What about small to medium enterprises? Not much.  $10,000 per employee to employ a worker over 50 who has been on benefits for 6 months.  A modest reduction in the refundable R&D tax offset of 1.5% applies from 1 July 2014 in anticipation of the drop in the company tax rate to 28.5% from 1July 2015.

All of these measures are of course subject to approval in a post 1 July hostile Senate which would appear to require cooperation with the Palmer United Party.  Early theatrics suggest that this could, at least, be entertaining.

Individuals & families

As a result of the need to improve the budgets bottom line, this years budget has focused heavily on individuals and families.

We note in particular that the changes to the family tax benefit part B will have a significant impact on many family budgets.

Deficit levy of 2% (Temporary Budget Repair Levy)

From 1 July 2014 to 30 June 2017, a temporary three-year deficit levy of 2% will be imposed on individuals with taxable income over $180,000.

A number of other tax rates that are currently based on calculations that include the top personal tax rate will also be increased accordingly (except the Fringe Benefits Tax rate) for the relevant 3 income years.  However to prevent high-income earners from utilising fringe benefits to avoid the levy, the FBT rate will be increased from 47% to 49% from 1 April 2015 until 31 March 2017 (see also companies section on FBT).

Example.  For a taxpayer with a taxable income of $200,000 per year, this results in an additional tax impost of $400 per year or $1,200 in total over three years.

 


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Give your employees a well deserved break…on tax

With the Coalition winning the recent election and scrapping the Rudd Government’s proposed changes to FBT rules on salary packaged vehicles, current low interest rates and high Aussie dollar, now is a good time to negotiate a good deal on a car – and get a tax break too!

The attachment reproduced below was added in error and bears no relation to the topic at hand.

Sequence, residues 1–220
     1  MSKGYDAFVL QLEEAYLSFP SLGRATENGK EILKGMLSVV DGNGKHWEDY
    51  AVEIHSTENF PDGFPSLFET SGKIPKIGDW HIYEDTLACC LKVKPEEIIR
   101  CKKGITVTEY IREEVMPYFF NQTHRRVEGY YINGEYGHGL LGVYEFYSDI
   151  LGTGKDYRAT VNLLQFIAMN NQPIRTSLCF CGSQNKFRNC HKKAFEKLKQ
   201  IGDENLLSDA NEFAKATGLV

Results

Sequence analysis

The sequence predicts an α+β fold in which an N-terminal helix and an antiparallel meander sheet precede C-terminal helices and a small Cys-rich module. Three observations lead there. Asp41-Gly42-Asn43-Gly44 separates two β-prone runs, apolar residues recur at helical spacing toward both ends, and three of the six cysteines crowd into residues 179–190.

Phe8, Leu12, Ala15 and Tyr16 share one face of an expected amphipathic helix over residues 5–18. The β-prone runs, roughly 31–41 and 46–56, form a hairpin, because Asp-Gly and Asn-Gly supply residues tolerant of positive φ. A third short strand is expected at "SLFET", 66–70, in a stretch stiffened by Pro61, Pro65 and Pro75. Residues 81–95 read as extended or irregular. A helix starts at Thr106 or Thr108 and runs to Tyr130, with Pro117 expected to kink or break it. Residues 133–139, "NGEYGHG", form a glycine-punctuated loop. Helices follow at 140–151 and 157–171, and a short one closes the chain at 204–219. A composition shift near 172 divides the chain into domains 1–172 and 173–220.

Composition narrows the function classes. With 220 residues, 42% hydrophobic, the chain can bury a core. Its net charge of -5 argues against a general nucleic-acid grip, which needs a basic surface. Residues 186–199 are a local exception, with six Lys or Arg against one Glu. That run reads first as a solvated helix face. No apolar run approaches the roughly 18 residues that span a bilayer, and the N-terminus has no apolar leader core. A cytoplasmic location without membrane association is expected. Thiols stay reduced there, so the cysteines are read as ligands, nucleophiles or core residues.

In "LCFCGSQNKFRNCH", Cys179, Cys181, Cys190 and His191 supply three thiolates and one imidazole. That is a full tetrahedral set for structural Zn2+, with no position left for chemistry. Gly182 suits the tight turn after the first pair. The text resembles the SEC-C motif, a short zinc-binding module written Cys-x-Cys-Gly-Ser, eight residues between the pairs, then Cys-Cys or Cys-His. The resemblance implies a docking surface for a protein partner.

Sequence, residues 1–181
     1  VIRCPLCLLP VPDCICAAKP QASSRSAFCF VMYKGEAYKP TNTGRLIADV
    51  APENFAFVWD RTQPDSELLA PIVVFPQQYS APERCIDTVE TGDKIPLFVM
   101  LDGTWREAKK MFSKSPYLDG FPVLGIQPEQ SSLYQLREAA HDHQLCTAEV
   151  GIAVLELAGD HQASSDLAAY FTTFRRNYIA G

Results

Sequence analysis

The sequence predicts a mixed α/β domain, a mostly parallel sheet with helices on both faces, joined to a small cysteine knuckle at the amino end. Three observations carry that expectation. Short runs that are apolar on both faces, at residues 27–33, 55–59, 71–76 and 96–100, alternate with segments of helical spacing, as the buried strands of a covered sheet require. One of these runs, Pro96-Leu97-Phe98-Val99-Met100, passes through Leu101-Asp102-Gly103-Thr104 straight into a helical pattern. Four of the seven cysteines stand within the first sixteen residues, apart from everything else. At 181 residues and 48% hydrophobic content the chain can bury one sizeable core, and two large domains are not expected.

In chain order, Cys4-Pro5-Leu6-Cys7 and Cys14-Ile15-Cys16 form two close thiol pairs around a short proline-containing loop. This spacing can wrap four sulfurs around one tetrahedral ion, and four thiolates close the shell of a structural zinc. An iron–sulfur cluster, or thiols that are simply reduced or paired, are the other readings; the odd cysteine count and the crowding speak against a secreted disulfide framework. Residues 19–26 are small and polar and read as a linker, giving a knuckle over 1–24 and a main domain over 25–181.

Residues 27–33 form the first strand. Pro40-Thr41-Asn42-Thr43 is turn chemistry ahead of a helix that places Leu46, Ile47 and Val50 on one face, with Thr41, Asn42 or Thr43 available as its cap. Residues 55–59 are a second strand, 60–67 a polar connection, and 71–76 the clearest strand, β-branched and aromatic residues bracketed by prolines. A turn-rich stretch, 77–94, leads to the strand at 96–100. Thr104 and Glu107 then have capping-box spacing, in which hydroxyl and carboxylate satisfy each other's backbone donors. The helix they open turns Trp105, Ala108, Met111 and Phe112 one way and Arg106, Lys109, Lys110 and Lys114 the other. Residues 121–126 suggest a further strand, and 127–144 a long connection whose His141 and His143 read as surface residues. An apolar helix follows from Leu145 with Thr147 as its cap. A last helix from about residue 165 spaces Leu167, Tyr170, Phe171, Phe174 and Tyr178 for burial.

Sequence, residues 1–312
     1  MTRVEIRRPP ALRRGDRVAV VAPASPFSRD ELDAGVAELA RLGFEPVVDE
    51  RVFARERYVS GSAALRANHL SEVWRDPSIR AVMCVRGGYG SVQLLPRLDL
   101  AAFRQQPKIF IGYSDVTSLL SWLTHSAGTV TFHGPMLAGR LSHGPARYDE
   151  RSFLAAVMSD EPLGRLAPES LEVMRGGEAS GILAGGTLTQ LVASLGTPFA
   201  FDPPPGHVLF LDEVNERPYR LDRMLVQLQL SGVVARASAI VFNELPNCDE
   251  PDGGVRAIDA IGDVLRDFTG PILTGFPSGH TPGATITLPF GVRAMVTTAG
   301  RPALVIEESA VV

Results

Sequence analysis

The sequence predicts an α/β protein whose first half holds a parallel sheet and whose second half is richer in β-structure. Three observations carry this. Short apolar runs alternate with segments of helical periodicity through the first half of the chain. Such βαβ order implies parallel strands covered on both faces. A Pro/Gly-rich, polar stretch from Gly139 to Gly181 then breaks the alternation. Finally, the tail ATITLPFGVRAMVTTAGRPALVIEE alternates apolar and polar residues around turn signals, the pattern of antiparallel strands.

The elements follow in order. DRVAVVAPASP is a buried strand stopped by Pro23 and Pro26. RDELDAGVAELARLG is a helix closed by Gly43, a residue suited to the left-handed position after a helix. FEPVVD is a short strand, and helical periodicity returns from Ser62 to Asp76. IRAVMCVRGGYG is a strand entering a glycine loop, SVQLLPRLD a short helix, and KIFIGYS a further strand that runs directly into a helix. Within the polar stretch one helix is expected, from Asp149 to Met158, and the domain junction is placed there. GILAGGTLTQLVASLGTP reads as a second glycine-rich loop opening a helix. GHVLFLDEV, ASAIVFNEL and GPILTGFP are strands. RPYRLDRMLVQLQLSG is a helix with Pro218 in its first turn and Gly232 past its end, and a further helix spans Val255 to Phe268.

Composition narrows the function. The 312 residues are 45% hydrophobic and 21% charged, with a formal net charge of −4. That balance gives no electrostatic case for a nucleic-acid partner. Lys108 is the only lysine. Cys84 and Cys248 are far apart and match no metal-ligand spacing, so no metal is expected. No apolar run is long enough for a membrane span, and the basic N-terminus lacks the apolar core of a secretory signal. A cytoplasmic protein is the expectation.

Giving your employees the opportunity to purchase a vehicle under a novated lease arrangement provides them with the most tax-effective way to buy a car of their choice for their own use – and at no cost to the business.

To many employers however, the mention of novated leasing immediately brings concerns around administrative burden, FBT liability, requirement for vehicle logbooks and maintenance and perceptions that it only applies to employees who need a car for work or high income earners. It ends up in the too-hard basket.

But novated leasing is not as complicated as it first seems. In fact, by utilising a dedicated external provider (like Prosperity), there is very little the employer needs to do. At Prosperity we provide the complete solution – from the initial consultation with an employee (lease quotes, tax saving calculations etc), finding the vehicle, arranging the finance, to managing the ongoing requirements (payroll deductions, reporting etc).

What is a Novated Lease?

A novated lease is simply an agreement between the employer, the employee and a finance provider/leasing company.